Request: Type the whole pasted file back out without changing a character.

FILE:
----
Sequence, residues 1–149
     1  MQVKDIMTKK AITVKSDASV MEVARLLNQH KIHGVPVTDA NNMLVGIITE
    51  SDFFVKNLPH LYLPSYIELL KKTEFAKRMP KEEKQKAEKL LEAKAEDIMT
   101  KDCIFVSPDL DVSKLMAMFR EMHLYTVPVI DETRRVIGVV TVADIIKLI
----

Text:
Sequence, residues 1–149
     1  MQVKDIMTKK AITVKSDASV MEVARLLNQH KIHGVPVTDA NNMLVGIITE
    51  SDFFVKNLPH LYLPSYIELL KKTEFAKRMP KEEKQKAEKL LEAKAEDIMT
   101  KDCIFVSPDL DVSKLMAMFR EMHLYTVPVI DETRRVIGVV TVADIIKLI